Defence Training Review
The Defence Training Review was established by the then Defence Secretary, Lord Robertson, on 22 July 1999 to examine all individual training and education, Service and civilian, in the British armed forces. The review report, entitled Modernising Defence Training, was published in 2001. The report highlighted that:
- Future Defence Training needed to be more integrated;
- Training needed to be managed on a Defencewide basis to better support the increasing move towards joint deployments;
- That the training estate needed investment and rationalisation to ensure that facilities were used efficiently and were fit for purpose.
These recommendations are at the heart of the Defence Training Review Rationalisation Programme - a large and complex 'Public-Private Partnership' (PPP) seeking to transform the way specialist training is delivered in the future. Under a PPP contract a prospective Partner will be responsible for the design and delivery of the majority of the training but the MOD, via senior military officers, will command and retain overall responsibility for the effectiveness of this training. This strong military presence will be maintained to provide skills training and ensure that operational experience is shared with students, and military ethos is upheld.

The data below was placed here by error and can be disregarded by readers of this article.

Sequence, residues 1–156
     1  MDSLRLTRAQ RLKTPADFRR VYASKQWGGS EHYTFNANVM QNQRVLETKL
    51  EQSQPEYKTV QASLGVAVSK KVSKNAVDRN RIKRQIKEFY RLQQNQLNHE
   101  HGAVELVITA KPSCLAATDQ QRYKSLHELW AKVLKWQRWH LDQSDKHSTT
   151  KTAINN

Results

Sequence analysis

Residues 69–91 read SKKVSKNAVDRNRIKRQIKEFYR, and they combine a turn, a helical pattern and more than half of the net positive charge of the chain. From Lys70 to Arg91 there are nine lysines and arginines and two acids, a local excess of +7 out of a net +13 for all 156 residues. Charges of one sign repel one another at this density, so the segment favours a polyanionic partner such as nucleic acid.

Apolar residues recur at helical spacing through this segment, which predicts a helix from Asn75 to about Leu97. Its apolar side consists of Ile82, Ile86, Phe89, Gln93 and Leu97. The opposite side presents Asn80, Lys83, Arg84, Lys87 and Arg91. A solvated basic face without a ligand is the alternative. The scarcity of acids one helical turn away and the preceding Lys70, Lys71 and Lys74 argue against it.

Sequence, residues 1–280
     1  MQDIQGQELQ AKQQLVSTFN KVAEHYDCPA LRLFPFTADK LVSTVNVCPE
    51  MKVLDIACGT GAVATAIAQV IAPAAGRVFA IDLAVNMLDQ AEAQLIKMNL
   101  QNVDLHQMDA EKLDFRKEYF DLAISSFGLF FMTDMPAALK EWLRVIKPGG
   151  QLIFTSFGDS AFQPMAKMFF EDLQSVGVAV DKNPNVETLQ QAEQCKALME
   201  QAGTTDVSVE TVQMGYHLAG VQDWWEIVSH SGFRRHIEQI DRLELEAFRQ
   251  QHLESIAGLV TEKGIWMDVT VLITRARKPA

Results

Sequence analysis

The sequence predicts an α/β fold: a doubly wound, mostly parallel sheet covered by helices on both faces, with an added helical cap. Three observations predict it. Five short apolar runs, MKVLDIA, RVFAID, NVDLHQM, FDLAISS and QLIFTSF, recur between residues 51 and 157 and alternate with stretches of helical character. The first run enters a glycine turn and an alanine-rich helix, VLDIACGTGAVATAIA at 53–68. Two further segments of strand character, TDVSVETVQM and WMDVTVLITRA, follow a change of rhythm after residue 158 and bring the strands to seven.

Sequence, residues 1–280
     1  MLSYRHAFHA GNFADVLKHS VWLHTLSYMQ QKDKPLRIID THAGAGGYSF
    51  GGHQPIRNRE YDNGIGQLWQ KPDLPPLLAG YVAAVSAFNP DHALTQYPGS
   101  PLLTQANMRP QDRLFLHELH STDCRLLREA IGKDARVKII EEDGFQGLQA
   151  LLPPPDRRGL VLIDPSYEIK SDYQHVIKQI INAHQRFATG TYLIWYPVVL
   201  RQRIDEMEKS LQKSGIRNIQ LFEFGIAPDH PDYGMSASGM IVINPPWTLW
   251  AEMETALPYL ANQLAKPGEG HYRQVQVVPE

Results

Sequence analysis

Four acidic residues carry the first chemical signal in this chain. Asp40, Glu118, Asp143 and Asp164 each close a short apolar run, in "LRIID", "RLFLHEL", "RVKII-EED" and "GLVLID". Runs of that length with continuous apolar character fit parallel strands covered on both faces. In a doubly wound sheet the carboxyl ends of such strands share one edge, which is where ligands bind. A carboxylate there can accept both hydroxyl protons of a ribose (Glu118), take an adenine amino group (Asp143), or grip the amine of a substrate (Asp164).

The programme actually consists of 2 separate projects termed Package 1 and Package 2. Package 1 involves provision of training for engineering and communications, while Package 2 was to provide training for logistics, security, policing and administration.
The Preferred Bidder
In January 2007, the Secretary of State for Defence announced that the Metrix consortium had been awarded Preferred Bidder status for Package 1, and Provisional Preferred Bidder status for Package 2. By January 2008, however, the Government had decided that the Metrix Consortium is not able to offer an affordable and acceptable Package 2 solution and, therefore, alternative approaches would be considered.
Metrix's bid includes the provision of a new Defence Technical College (DTC) which will be located at St Athan. The overall investment is considered to be greater than that for the London Olympics.
The development will be complementary to the Welsh Assembly Government's aspirations to create an Aerospace Centre of Excellence at St Athan. The construction programme for the future Defence Technical College is scheduled to commence in the autumn of 2010 and will cost an estimated £700m and will create 1500 jobs.
A separate project team has been established at Upavon, operating under the auspices of Director General Army Recruiting & Training (DG ART), to determine the best way forward for Package 2 training and infrastructure.